I hadn't traveled fifty feet down Coverdale Lane before getting Darraugh's point: neighbors couldn't spy on each other here. Horses grazed in paddocks; orchards held a few desiccated apples from last fall. With the trees bare, a few mansions were visible from the road, but most were set far behind imposing carriageways. Poorer folk might actually see each other's driveways from their side windows, but most of the houses sat on substantial property, perhaps ten or twelve acres. And most were old. No new money here. No McMansions, flashing their thirty thousand square feet on tiny lots.
After going south about a mile and a half, Coverdale Lane bent into a hook that pointed east. I followed the hook almost to its end before a discreet sign on a stone pillar announced Larchmont Hall.
I drove on past the gates to Dirksen Road at the east end of Coverdale and made a loop south and west so I could look at the complex where Darraugh's mother was living. I wanted to know if she really could see into the Larchmont estate. A hedge blocked any view into the New Solway mansions from street level, but Ms. Graham was on the fourth floor of a small apartment building. From that vantage, she might be able to see into the property.
I returned to Coverdale Lane and drove up a winding carriageway to Larchmont Hall. Leaving the car where anyone could see it if they came onto the land, I armed myself with that most perfect disguise: a hard hat and a clipboard. A hard hat makes people assume you're doing something with the air-conditioning or the foundations. They're used to service in places like this; they don't ask for credentials. I hoped.
As I got my bearings, I whistled under my breath: the original owners had done things on a grand scale. Besides the mansion itself, the property held a garage, stables, greenhouse, even a cottage, which I assumed was for the staff who tended the grounds--or would tend the grounds if someone could afford to have the work done. The estate agent wasn't putting much into maintenance--an ornamental pond, which lay between the mansion and the outbuildings, was clogged with leaves and dead lilies. I even saw a carp floating belly-up in the middle. A series of formal gardens was overgrown with weeds, while no one had mowed the meadows for some time.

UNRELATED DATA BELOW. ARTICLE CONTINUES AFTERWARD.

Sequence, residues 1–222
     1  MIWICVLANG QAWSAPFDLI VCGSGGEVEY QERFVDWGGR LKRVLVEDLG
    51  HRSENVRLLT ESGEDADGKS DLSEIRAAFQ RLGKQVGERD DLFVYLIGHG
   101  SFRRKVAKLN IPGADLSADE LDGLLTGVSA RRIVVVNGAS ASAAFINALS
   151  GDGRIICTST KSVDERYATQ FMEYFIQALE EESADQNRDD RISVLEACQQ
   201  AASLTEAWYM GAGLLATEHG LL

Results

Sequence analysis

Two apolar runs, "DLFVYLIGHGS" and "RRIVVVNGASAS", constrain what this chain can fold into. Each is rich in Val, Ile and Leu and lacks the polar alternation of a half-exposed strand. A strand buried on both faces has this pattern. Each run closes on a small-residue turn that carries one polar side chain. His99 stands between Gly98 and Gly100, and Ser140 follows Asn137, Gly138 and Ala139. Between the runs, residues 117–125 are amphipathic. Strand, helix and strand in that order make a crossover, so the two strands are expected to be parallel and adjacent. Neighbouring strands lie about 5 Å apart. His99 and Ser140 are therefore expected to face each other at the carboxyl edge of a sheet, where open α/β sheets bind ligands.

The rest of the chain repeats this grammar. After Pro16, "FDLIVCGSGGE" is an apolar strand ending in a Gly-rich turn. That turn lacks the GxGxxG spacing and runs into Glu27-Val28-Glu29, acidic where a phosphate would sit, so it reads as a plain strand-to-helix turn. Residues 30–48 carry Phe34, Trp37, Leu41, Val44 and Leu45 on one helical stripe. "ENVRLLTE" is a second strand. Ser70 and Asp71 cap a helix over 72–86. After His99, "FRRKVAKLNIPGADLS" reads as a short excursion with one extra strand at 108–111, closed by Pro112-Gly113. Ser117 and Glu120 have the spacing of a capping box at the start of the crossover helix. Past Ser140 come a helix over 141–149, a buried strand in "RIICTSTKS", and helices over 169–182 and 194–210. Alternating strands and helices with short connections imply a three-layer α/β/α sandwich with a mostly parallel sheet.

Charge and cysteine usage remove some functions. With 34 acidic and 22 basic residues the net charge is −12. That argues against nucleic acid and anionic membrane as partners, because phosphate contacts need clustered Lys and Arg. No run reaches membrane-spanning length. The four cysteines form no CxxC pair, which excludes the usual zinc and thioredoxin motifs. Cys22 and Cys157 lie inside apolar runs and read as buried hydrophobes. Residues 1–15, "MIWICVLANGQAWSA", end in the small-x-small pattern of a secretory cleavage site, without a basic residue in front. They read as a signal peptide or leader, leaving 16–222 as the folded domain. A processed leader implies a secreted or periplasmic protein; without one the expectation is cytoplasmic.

The neglect, and the number of buildings, was oppressive. If you were grandiose enough to buy such a place, how could you possibly take care of it? Circling each building, trying to see if there were holes in foundations or windows, looked overwhelming. I squared my shoulders. Whining doubles the job, my mother used to say when I balked at washing dishes. I decided to work from smallest to largest, which meant inspecting the cottage first.
By the time I'd finished prying at windows, balancing on fence posts to see if any of the roof glass of the greenhouse was broken, and making sure that the doors to the stables and garage were not just secure, but showed no recent signs of tampering, it was past noon. I was hungry and thirsty, but dark still comes early the first week in March. I didn't want to waste daylight searching for food, so I grimly set about circling the house.
It was an enormous building. From a distance it looked graceful, vaguely Federal in design, with its slender columns and square façades, but all I cared about was four floors' worth of windows, doors at ground level on all four sides, doors leading off upper-level balconies--a burglar's paradise.
Still, all the windows on the two lower floors held the telltale markers of a security system. I checked some on the ground floor with a meter, but didn't see anyplace where the current was interrupted.
People did come onto the land: beer bottles, the silver foil from potato chip bags, crumpled cigarette packs, the inevitable condom, told their tales. Maybe Ms. Graham was only seeing local kids looking for privacy.
From Blacklist by Sara Paretsky. Copyright Sara Paretsky 2003. All rights reserved. No part of this excerpt may be reproduced without written permission from the publisher, Putnam Publishing.
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